NC STATE’S TITLE IX OFFICERS

NC State’s Title IX officers have responsibilities related to preventing and addressing sex discrimination within the university. For full information regarding officers and departments relating to Title IX, please see Get Help.

Joanne Woodard
Vice Provost for Institutional Equity and Diversity, Office for Institutional Equity and Diversity, Title IX Coordinator
Winslow Hall, Room 231
Campus Box 7530
(919) 515-3148
joanne_woodard@ncsu.edu

Jordyne Blaise
Equal Opportunity Officer,
Office for Institutional Equity and Diversity,
Deputy Title IX Coordinator
Winslow Hall, Room 231
Campus Box 7530
(919) 515-3148
jblaise@ncsu.edu

Michelle Lee
Associate Athletic Director for Compliance, Department of Athletics, Deputy Title IX Coordinator
Weisiger-Brown Athletic Facility, Room 2112
Campus Box 8502
(919) 515-5076
michelle_lee@ncsu.edu

Dr. Lisa Zapata
Vice Provost, Student Development, Health and Wellness, Division of Academic and Student Affairs, Deputy Title IX Coordinator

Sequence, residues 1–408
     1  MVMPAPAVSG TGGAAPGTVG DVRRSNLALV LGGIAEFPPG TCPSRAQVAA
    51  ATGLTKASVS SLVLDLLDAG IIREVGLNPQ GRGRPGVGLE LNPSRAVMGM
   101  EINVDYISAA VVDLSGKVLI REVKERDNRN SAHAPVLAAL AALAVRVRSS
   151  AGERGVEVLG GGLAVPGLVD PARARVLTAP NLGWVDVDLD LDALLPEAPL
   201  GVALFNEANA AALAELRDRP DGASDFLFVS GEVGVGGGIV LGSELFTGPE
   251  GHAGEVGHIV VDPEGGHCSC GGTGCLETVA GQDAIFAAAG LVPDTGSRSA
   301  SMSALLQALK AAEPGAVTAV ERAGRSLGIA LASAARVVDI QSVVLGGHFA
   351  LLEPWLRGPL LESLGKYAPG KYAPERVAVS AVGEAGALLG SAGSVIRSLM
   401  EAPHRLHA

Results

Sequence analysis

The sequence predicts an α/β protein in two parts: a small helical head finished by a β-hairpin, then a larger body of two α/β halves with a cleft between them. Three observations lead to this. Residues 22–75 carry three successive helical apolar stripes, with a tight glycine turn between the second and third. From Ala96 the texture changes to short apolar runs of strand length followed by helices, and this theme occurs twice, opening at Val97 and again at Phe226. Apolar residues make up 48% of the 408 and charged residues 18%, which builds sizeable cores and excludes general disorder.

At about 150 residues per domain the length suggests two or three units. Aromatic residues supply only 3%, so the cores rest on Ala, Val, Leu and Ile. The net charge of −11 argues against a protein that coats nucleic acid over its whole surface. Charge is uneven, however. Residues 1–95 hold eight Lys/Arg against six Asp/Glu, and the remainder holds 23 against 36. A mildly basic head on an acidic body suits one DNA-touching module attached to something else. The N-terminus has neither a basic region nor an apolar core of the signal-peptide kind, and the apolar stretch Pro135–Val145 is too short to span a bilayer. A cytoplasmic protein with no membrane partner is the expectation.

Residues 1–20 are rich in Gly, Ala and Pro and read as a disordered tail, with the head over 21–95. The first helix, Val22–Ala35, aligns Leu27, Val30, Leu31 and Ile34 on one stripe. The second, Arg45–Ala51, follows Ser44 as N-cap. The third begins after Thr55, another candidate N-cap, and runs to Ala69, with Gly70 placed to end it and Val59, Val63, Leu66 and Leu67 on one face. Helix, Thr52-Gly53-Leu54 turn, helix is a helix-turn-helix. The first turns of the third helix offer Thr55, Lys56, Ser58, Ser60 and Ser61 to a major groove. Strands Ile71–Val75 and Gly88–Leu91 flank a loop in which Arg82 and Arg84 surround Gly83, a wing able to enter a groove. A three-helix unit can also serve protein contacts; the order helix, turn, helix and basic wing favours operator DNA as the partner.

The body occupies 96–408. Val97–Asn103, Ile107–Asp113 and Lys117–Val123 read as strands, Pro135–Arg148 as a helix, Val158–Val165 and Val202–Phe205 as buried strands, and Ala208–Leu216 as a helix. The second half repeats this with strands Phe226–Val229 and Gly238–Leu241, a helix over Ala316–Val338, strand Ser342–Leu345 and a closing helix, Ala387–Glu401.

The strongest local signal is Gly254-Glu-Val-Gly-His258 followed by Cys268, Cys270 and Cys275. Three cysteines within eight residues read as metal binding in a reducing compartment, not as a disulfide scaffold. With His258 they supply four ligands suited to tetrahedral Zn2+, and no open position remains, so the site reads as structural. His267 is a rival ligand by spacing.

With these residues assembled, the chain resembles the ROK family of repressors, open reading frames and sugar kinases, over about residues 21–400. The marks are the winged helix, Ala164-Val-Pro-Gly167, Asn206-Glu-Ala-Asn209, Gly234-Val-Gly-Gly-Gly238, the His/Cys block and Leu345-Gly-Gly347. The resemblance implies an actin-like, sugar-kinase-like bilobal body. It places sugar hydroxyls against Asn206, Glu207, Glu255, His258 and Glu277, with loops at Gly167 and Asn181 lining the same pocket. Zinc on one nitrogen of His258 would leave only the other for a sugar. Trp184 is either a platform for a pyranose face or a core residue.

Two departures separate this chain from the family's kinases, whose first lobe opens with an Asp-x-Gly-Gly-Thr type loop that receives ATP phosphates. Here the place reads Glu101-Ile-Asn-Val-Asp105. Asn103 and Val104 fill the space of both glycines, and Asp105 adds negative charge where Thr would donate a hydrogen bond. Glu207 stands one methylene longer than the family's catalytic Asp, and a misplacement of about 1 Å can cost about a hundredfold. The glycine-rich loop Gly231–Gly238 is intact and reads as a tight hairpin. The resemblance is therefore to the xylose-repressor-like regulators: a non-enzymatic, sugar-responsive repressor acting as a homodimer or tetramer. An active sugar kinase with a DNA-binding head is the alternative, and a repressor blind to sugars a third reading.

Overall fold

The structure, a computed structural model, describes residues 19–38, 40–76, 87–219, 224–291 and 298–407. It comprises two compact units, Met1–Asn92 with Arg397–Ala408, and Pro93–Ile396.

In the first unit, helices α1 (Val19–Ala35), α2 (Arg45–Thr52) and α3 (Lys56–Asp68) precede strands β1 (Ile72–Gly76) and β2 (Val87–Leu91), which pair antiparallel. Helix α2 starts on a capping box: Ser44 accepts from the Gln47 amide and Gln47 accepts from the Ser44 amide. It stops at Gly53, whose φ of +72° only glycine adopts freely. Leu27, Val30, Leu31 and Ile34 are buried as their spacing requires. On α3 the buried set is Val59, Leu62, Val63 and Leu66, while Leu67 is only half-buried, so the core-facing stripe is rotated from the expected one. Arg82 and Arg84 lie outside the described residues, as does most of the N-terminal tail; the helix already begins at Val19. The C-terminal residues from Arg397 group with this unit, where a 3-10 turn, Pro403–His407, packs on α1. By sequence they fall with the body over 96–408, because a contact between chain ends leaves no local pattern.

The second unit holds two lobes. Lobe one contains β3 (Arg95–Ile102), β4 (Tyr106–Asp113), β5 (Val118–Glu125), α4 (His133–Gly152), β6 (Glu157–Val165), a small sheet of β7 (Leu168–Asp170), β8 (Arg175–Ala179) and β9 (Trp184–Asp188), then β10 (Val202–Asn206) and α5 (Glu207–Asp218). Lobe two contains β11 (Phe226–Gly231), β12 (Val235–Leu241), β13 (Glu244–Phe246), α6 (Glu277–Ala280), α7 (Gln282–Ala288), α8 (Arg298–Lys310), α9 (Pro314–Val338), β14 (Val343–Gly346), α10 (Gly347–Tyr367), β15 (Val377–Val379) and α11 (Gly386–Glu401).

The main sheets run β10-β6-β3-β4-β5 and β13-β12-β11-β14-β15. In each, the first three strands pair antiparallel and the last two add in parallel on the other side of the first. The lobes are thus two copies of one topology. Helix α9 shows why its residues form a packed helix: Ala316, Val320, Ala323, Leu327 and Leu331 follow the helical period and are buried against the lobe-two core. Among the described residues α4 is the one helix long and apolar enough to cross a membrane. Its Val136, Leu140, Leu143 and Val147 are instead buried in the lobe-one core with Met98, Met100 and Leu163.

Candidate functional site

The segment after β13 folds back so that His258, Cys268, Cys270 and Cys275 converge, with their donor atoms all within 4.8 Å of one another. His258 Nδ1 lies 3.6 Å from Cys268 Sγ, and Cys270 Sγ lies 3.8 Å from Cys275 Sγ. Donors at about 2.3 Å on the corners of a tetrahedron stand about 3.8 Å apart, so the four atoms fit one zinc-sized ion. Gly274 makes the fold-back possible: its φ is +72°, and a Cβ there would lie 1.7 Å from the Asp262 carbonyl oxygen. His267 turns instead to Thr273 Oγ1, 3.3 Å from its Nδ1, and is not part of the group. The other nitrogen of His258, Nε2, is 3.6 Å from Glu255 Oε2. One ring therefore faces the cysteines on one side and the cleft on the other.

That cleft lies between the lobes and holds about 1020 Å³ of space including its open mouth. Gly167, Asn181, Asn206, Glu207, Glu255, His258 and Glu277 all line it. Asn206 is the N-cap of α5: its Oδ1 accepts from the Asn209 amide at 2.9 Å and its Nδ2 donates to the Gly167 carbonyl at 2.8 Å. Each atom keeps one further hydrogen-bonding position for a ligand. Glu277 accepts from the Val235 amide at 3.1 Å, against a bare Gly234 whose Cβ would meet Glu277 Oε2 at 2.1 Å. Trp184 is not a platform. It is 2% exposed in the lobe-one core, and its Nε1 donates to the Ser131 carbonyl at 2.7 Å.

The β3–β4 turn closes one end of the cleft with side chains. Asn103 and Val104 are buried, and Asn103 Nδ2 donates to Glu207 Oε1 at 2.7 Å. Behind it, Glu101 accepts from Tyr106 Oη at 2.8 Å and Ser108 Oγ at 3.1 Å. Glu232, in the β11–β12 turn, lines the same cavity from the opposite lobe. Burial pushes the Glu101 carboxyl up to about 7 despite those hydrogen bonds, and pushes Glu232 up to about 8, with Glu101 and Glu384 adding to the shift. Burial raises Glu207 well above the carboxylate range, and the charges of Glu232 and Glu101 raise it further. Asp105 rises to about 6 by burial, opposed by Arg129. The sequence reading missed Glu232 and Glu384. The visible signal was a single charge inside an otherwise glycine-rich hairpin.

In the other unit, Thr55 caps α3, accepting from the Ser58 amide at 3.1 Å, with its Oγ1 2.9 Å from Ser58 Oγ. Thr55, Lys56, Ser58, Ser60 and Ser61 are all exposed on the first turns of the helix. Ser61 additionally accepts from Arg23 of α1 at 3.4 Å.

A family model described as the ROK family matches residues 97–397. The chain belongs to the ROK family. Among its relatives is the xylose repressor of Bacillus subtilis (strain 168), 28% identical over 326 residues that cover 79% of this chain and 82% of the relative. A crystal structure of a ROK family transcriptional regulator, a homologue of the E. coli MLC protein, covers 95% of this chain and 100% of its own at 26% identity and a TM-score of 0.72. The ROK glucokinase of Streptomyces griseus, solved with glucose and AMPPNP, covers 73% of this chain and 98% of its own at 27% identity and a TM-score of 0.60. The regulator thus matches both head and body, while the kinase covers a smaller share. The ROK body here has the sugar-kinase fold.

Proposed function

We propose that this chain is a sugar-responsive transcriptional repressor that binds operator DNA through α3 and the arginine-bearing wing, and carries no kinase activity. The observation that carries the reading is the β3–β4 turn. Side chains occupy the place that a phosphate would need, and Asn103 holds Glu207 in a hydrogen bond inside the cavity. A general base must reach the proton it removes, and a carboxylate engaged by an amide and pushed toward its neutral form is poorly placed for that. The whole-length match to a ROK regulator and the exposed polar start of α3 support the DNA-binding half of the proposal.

Holladay Hall, Room 9
Campus Box 7301
(919) 513-3403
lisa_zapata@ncsu.edu

  • Law Degrees Held by Women Before Title IX 7%
  • Law Degrees Held by Women After Title IX 41%
  • Participation in High School Sports by Girls Prior to Title IX 7.6%
  • Participation in High School Sports by Girls in 2010 41.4%

There are over 3 million girls participating in high school sports — that’s a 997% increase since Title IX became law.  Girls have not been the only beneficiaries of Title IX; since the law was enacted, boys’ participation in high school sports has increased 22.5% (nearly 4.5 million boys participating).

In 1971, only 20% of enrolled students at NC State were women.  Today, nearly half (44%) of enrolled students at NC State are women.

Major gains in female participation in areas such as science, math, business, and athletics have shown that girls and women have both the interest and the aptitude to succeed in these fields—without detracting from opportunities for males.

NCSU Female Graduates

Title IX was passed by the U.S. Congress on June 23, 1972, and signed by President Richard M. Nixon on July 1, 1972. It is a civil rights law prohibiting discrimination in education programs and activities receiving federal funds. It was the first comprehensive federal law to prohibit sex discrimination against students and employees in these institutions.

 

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